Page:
Let Vengeance Be served
V for Vendetta is an action drama/thriller set in future England, in the aftermath of a virus epidemic brought by the government itself. It is the perfect display of oppression and rebellion, corruption and punishment, and most importantly, the mighty power of revolution by a united and motivated people. Let me also add, a display of the mastery of the English language, with words you can’t even decode the meaning of even if you had a dictionary, because you can’t even figure out their spelling in the first place. It’s packed with lots of quotes that have been used in real-life protests against oppression.
The Movie Hero- V
The main character is a surviving victim of the government’s efforts to produce a biological weapon, a weapon they ended up using on their own people for profit. His name is ‘V’. Now V is not your everyday superhero- dodging bullets, flying, spinning webs, none of all that clearly fictitious stuff. He is human enough to make you think you can kick his butt, but extraordinary enough to actually kick your butt, you and your entire army. He is some strange guy who lives alone in a secret hideout, and you never get to see his face because he is wearing a Guy Fawkes mask all the time. The mask is clownish with an annoying grin. But don’t be fooled, behind that silly grin is an efficient and serious killer.
V for Vendetta starts when Evey, played by Natalie Portman, is attacked past curfew by the local vigilante called ‘Finger Men’ who sought to have a free good time, only disturbed by the arrival of V (Hugo Weaving). V instantly and effortlessly kicks their butts, and while he is at it, he quotes lines from Shakespeare’s Macbeth, much to the confusion of the now immobilized and ignorant Fingermen.
The same night, V goes on to destroy The Old Bailey in a celebratory manner, combining fireworks and demolition explosives, accompanied by music. This is to be the beginning of a series of acts of rebellion which will climax in the eventual demolition of Parliament Building.
The country’s leader, called The Chancellor, immediately calls for a meeting and initiates a search for the ‘terrorist’. The Chancellor is an enigmatic and stern man who cuts his subordinates no slack. He has a commanding tone of voice and is flawlessly eloquent.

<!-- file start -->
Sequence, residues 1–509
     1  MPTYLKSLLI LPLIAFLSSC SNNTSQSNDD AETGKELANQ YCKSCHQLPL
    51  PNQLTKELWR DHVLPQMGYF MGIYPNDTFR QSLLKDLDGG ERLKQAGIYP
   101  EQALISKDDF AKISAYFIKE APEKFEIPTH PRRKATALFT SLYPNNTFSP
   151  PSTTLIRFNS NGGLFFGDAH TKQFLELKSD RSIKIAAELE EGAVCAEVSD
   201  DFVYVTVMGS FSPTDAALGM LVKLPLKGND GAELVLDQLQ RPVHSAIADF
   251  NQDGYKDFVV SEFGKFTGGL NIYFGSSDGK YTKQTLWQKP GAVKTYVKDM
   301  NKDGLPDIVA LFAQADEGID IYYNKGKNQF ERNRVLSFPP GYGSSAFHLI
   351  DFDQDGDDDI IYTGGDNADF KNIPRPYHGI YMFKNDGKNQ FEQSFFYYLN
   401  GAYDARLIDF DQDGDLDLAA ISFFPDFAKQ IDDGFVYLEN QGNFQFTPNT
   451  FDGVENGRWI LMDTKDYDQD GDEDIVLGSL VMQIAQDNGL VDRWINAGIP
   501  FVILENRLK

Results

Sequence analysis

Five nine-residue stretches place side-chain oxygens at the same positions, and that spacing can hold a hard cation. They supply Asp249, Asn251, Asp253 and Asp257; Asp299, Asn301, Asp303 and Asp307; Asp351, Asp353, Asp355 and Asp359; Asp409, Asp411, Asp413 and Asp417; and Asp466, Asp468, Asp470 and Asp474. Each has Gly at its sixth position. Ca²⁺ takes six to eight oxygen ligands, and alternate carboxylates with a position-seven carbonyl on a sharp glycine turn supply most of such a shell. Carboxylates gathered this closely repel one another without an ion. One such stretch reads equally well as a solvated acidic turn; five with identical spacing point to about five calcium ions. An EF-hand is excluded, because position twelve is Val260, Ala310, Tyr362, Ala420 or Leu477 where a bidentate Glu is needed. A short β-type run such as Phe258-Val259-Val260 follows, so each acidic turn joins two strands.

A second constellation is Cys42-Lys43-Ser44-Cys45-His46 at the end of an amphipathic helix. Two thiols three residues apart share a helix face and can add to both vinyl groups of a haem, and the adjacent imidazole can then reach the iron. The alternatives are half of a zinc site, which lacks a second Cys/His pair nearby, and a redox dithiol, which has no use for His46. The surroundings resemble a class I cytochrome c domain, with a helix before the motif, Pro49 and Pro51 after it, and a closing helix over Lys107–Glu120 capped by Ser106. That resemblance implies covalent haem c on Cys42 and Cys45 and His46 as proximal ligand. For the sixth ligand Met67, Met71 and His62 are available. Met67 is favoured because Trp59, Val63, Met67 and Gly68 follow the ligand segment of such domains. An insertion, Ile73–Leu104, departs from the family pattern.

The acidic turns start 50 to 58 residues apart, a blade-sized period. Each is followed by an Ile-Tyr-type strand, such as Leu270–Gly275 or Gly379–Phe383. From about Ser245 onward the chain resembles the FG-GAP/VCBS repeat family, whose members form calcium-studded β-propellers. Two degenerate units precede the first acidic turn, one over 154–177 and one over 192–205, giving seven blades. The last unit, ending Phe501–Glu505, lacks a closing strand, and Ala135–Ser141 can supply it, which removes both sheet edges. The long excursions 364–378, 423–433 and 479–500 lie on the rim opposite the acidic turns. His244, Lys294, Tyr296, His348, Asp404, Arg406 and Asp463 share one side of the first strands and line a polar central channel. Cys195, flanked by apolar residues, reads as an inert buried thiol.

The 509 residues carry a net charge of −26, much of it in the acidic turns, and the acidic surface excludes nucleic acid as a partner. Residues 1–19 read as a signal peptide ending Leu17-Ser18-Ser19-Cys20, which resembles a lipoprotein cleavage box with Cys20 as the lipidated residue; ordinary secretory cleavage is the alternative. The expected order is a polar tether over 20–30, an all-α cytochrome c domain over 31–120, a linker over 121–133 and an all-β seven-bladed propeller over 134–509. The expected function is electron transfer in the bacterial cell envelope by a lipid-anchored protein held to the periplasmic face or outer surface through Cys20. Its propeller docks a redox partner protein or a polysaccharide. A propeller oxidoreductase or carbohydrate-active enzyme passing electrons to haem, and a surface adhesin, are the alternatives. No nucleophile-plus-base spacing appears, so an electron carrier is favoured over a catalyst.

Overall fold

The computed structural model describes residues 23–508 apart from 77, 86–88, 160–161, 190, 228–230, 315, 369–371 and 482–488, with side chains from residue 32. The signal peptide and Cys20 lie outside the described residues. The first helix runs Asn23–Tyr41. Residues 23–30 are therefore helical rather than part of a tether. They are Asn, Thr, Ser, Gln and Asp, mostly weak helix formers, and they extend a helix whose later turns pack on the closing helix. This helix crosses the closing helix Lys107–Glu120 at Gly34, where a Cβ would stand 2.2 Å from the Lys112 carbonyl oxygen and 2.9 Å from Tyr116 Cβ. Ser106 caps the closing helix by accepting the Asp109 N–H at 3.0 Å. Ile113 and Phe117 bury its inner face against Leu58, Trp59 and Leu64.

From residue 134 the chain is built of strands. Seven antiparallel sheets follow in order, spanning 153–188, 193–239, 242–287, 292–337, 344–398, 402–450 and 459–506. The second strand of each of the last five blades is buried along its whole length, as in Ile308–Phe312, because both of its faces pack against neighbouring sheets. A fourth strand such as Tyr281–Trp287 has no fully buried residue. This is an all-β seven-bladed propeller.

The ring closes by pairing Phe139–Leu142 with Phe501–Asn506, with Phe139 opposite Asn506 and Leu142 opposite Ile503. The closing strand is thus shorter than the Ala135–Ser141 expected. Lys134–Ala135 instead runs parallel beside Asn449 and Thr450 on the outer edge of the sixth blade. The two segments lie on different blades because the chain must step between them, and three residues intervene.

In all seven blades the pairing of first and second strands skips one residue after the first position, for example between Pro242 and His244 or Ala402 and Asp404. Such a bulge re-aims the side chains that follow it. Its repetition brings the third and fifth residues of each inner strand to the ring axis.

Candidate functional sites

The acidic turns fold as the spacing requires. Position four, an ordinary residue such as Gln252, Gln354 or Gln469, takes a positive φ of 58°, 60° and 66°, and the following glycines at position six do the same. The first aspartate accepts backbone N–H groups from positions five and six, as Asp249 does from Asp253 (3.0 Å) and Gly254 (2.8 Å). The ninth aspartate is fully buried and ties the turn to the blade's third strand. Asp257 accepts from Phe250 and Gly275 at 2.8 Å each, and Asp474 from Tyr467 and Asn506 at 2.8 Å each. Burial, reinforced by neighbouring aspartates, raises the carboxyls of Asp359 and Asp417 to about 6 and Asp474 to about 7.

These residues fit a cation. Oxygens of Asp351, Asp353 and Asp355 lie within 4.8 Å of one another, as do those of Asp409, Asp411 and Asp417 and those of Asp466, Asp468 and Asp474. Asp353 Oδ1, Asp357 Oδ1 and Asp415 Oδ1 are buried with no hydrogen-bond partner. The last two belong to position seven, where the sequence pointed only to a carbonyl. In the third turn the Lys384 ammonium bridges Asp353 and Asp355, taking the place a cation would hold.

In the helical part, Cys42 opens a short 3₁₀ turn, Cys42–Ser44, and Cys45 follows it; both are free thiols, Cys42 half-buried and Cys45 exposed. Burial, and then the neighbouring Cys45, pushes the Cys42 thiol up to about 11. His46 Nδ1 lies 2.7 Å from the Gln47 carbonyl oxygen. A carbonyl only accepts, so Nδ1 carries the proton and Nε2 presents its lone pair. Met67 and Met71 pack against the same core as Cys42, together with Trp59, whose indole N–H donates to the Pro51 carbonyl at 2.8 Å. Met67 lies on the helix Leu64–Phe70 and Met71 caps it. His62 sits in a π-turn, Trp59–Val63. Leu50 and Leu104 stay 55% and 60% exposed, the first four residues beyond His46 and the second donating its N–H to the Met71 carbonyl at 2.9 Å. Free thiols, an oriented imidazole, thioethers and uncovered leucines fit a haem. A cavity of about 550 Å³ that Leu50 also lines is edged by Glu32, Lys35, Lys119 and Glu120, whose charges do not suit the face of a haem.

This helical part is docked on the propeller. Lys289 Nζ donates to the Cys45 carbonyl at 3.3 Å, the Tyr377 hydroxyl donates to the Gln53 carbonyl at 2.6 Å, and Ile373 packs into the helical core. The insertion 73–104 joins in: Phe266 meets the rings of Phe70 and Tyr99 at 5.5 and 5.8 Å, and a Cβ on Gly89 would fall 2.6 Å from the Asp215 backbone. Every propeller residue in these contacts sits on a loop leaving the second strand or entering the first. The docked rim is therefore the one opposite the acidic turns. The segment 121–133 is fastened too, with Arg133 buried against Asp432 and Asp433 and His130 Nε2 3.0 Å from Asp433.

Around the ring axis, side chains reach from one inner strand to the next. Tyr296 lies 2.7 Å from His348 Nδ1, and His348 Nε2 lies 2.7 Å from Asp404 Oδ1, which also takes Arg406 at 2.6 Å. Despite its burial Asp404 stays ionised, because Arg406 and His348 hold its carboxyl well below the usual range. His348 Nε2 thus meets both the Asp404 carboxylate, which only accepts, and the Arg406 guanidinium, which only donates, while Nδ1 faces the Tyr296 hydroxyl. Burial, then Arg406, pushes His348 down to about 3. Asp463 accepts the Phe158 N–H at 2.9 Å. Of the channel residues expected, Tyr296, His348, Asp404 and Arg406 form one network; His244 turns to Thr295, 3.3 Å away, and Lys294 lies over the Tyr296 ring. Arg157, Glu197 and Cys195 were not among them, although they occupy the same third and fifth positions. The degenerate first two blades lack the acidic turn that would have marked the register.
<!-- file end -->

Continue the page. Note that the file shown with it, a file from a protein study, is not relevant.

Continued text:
Later V hijacks the Country’s state-controlled national broadcaster and inspires the nation to a revolution, one that will only be accomplished with him destroying Parliament building on the 5th of November the following year.
But while the Wait is on, V sets out on a mission of revenge, killing all those involved in the operation of the biological weapons facility. Will he succeed? How will he destroy a building as important as Parliament Building, on a date known to the government right under their watch? Well, watch it if you haven’t.
Fives and Vs
One fascinating thing about V for Vendetta is the occurrence of Fives and Vs. The fives and Vs are seen throughout the movie, sometimes just in your face, and sometimes in subtlety. Some of the 5s and Vs are seen in the following parts:
- First of all, the movie itself is called ‘V for Vendetta’. The main character was called V because while at the biological weapons facility, he was in cell No. 5, Roman numeral V.
- The facility is destroyed in one act of arson by V, on the 5th of November, at which point he escapes and goes into hiding.
- When Evey tells him her name, he comments on the coincidence of him meeting Evey?, a name he pronounces as E.V.
- There is a number of scenes where the time is shown with the clock hands making the V shape.
- At his hideout, Evey finds a mirror with the following inscription on the frame:
‘Vi Veri Universum Vivus Vici’
- Right before he goes out to destroy the parliament building, V topples a large red arrangement of dominoes in the shape of a V.
- After the showdown in the subway, V is injured and as he struggles to leave the scene, his blood makes a big skewed V on the wall.
The V Speech
When V rescues Evey from the Fingermen, he puts up a dramatic introduction full of V words. The dialogue goes like this:
Evey: Who are you?
V: Who? Who is but the form following the function of what, and what I am is a man in a mask.
Evey: Well I can see that.
V: Of course you can, I?m not questioning your powers of observation, I?m merely remarking upon the paradox of asking a masked man who he is.
Evey: Oh, right.
V: But on this most auspicious of nights, permit me then, in lieu of the more commonplace soubriquet, to suggest the character of this dramatis persona. Voila! In view a humble vaudevillian veteran, cast vicariously as both victim and villain by the vicissitudes of fate. This visage, no mere veneer of vanity, is a vestige of the vox populi now vacant, vanished. However, this valorous visitation of a bygone vexation stands vivified, and has vowed to vanquish these venal and virulent vermin, van guarding vice and vouchsafing the violently vicious and voracious violation of volition.
The only verdict is vengeance; a vendetta, held as a votive not in vain, for the value and veracity of such shall one day vindicate the vigilant and the virtuous.
Verily this vichyssoise of verbiage veers most verbose, so let me simply add that it?s my very good honor to meet you and you may call me V.
Evey: Are you like a crazy person?
V: I’m quite sure they will say so. But with whom have I the pleasure of speaking?
When Evey tells him her name, he comments on the coincidence of him meeting ‘Evey’, a name he pronounces as E.V.
Ideas Are Bullet-Proof
There is one last interesting thing just before the ending. Once the revolution has been achieved, all those who died for their beliefs can be seen among the people. This doesn’t mean they came back to life, it is simply a reference to Vs saying, ‘People can fail, they can be caught, but an idea lives on. It cannot be killed, you can’t touch it
This is one movie that will never get old.